While most efforts to make students healthier have gone to nutritional and physical education (PE) programs, protecting the health of the classroom and understanding the financial benefits of healthful spaces are too often missing elements.
Protecting Classroom Health
Healthy classrooms are the bedrock on which we help build minds to be at their best, physically, mentally, and emotionally.
Like personal health, classroom health involves many factors. The Healthy and Safe Facility Handbook provides foundational guidance on indoor air quality, water quality, desired ambient sound level, lighting, cleaning, disinfecting, ergonomics, and more; as part of an ecosystem.
CDC reports that 1/3 of adults are obese, and childhood and adolescent obesity have increased dramatically in recent years.
Promoting movement in classrooms is among the newest and most promising steps to help combat obesity, sluggish bodies and minds.
One example is adjustable standing desks, as the act of standing burns more calories and improves blood flow to the brain, and an adjustment allows for sitting as desired. Evidence shows that a 170-pound person burns only 139 calories sitting vs 186 calories an hour standing.
Chairs that swivel and provide flexible back support enable motion for a healthy amount of fidgeting, plus allow rotating the chair in the direction of the instructor or instruction.
Since standing desks and new seating may not be practical in the short term, take regular stretching and standing breaks.
Protect the Air
Check Carbon dioxide (CO2) levels (from exhalation), temperature and humidity using a portable meter (<$130), and work with the HVAC department to adjust the ambient environment and increase ventilation as needed.
Promote Mental, Emotional Health
Depression and anxiety are all too common. A 2015 National Institute of Mental Health (NIMH) report said that 12.5% of the U.S. population aged 12 to 17 had a major depressive episode, and the Anxiety and Depression Association of America (ADAA) said anxiety disorders are the most common mental illness in the U.S., affecting 40 million adults in the United States age 18 and older, or 18% of the population. ADAA also reports that major depressive disorders are the leading cause of disability in the U.S. for ages 15 to 44.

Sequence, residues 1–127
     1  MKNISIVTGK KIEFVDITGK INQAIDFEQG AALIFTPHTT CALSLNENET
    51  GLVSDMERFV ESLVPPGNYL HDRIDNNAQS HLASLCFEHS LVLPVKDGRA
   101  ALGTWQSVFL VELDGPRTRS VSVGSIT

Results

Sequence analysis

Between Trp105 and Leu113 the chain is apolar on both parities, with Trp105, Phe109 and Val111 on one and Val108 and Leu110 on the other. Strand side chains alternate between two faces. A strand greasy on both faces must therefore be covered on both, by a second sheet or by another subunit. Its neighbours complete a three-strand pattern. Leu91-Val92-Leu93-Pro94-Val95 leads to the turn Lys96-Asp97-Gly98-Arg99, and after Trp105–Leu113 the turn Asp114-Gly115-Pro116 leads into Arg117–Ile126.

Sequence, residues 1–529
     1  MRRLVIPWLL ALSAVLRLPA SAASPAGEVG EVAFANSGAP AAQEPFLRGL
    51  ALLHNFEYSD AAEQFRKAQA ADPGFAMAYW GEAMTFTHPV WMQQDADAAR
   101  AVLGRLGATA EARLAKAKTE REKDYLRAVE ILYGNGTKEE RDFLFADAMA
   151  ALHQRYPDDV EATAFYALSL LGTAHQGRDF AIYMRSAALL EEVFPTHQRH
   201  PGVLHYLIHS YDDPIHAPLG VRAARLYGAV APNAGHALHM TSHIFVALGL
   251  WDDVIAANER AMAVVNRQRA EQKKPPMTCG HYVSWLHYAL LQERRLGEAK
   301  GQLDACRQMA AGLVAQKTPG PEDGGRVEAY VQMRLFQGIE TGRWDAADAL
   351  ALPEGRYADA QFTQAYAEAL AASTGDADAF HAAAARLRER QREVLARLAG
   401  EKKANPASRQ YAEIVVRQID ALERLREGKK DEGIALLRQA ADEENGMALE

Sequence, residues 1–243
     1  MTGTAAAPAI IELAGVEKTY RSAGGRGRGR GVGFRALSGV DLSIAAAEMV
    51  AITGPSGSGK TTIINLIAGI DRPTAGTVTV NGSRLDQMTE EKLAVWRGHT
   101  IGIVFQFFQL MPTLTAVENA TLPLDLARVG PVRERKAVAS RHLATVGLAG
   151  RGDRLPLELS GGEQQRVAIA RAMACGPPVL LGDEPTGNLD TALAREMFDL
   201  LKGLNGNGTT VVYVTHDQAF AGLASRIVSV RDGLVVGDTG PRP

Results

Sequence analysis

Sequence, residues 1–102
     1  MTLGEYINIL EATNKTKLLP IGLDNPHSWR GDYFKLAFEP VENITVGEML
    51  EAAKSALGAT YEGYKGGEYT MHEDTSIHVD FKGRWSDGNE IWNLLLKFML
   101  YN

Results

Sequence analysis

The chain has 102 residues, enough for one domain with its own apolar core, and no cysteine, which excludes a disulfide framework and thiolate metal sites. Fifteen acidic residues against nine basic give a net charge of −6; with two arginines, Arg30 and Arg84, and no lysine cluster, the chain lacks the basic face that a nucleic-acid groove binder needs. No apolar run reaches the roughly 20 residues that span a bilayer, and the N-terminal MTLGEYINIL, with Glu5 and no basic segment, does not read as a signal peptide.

Be Easy to Talk To
Look for signs of problems, seek out students that are withdrawn or sullen, and be approachable.
Talk about mental/emotional health in a matter-of-fact way.
Get familiar with, suggest, and post local mental health resources.
Since making schools healthy to produce healthy students is a focus of the Healthy and Safe Facility Handbook, be assured that producing healthy classrooms does not cost, it pays, when measured in student outcomes.
Per the CDC:
“Healthy students are better learners. Healthy students are better on all levels of academic achievement, academic performance (class grades, standardized tests, and graduation rates), education behavior (attendance, behavior) and cognitive skills and attitudes (concentration, memory, and mood).”
“Healthy, successful students help build strong communities. Investing in the health of students contributes to healthy communities in the future.”
We urge you to submit your entry for the Healthy School Award today. It’s not just a way to be recognized, but to further your progress on the path to healthy and prosperous.
Learn more: http://bit.ly/2pR5vT8